Yeast: angiogenesis model? Yup

Yeast may not have blood vessels, but it could be a powerful model organism for studying angiogenesis, according to linkurl:a study;http://www.pnas.org/content/early/2010/03/11/0910200107.full.pdf+html published online in Proceedings of the National Academy of Sciences yesterday (March 22, 2010) that describes a new, systems-biology approach for identifying surprising model organisms for human diseases. Image: Wikipedia"It's a Eureka moment of, gosh, I can't believe anybody didn't think of th

Alla Katsnelson
Mar 22, 2010
Yeast may not have blood vessels, but it could be a powerful model organism for studying angiogenesis, according to linkurl:a study;http://www.pnas.org/content/early/2010/03/11/0910200107.full.pdf+html published online in Proceedings of the National Academy of Sciences yesterday (March 22, 2010) that describes a new, systems-biology approach for identifying surprising model organisms for human diseases.

Image: Wikipedia
"It's a Eureka moment of, gosh, I can't believe anybody didn't think of this before," said linkurl:Robb Krumlauf,;http://www.stowers-institute.org/labs/KrumlaufLab.asp a developmental biologist and scientific director of the Stowers Institute for Medical Research in Kansas City, Mo., who did not participate in the study. "Most people work in a very directed way" when studying human diseases, he added, but the current study brings to the fore how "looking at a plant meristem or a marine invertebrate would give you tremendous insight" into seemingly unrelated human diseases. Organisms as diverse as plants, worms and vertebrates share related groups of genes that encode...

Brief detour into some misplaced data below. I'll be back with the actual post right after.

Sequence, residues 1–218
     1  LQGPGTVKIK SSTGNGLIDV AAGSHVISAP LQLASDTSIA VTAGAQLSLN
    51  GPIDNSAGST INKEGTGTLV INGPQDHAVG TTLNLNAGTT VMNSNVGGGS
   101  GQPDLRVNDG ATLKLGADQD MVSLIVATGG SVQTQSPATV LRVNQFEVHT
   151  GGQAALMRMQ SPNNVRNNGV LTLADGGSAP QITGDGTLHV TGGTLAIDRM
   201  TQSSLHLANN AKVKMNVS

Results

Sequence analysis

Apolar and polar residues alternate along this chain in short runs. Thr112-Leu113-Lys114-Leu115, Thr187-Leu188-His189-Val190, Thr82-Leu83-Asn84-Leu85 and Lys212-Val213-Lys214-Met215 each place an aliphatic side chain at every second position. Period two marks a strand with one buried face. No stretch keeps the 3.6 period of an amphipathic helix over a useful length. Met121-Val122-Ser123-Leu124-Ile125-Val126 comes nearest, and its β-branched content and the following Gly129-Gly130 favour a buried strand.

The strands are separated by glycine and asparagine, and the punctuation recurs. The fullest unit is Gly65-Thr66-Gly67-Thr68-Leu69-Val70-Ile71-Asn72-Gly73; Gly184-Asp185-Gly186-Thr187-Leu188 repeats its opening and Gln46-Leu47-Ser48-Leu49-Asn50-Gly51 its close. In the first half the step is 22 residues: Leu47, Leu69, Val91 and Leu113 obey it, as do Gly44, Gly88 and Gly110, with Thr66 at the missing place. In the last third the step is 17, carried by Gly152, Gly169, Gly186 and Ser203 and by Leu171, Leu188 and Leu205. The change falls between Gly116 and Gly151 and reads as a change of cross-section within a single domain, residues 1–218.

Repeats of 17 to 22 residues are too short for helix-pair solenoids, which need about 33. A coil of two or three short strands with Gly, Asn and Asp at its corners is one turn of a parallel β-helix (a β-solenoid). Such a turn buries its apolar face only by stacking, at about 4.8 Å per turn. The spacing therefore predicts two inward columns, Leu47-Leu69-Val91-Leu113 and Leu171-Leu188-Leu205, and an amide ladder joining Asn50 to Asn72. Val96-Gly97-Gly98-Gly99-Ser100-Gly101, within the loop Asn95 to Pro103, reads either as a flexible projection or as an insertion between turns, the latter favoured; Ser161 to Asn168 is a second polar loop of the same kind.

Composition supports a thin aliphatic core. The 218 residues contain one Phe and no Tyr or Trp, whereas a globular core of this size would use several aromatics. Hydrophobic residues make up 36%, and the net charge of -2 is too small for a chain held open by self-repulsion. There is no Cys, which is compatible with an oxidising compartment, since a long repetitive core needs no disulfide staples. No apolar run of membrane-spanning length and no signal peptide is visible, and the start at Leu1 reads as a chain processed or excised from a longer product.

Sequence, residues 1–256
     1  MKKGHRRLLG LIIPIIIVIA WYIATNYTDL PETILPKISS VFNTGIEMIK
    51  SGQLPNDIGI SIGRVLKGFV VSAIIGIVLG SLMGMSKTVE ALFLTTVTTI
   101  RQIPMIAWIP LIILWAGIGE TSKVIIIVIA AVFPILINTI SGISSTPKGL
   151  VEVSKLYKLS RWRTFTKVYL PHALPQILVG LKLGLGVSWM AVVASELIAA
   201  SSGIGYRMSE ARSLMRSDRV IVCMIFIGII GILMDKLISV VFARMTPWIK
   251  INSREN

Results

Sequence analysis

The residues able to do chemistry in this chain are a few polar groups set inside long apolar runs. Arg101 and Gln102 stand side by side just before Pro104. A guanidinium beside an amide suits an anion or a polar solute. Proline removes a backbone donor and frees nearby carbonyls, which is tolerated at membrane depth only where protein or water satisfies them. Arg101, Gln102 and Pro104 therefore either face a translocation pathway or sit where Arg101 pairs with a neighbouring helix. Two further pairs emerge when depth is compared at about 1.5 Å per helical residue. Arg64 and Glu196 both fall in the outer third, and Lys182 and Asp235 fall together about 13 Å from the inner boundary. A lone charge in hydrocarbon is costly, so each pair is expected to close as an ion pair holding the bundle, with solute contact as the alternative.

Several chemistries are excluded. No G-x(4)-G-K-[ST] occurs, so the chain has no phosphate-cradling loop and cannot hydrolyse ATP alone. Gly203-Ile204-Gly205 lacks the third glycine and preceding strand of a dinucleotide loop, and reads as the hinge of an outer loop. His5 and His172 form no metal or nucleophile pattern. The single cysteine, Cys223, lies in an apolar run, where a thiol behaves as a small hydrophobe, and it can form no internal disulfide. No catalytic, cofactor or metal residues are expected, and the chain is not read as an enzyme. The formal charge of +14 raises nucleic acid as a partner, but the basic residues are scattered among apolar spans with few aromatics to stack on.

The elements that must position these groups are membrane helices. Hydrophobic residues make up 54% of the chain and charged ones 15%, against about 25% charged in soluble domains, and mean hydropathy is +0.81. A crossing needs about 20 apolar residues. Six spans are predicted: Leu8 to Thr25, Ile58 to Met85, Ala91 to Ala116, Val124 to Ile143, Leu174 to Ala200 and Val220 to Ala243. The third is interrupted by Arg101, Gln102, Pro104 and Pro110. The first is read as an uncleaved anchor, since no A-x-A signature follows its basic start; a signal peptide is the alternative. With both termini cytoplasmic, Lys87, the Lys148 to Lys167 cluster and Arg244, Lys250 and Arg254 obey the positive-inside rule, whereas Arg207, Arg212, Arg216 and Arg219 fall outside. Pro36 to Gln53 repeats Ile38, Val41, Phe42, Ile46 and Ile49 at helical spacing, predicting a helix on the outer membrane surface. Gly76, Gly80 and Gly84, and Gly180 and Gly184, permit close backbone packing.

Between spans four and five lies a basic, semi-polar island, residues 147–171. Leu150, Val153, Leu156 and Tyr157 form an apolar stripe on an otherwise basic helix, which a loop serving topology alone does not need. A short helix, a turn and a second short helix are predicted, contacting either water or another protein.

DrosophilaC elegans



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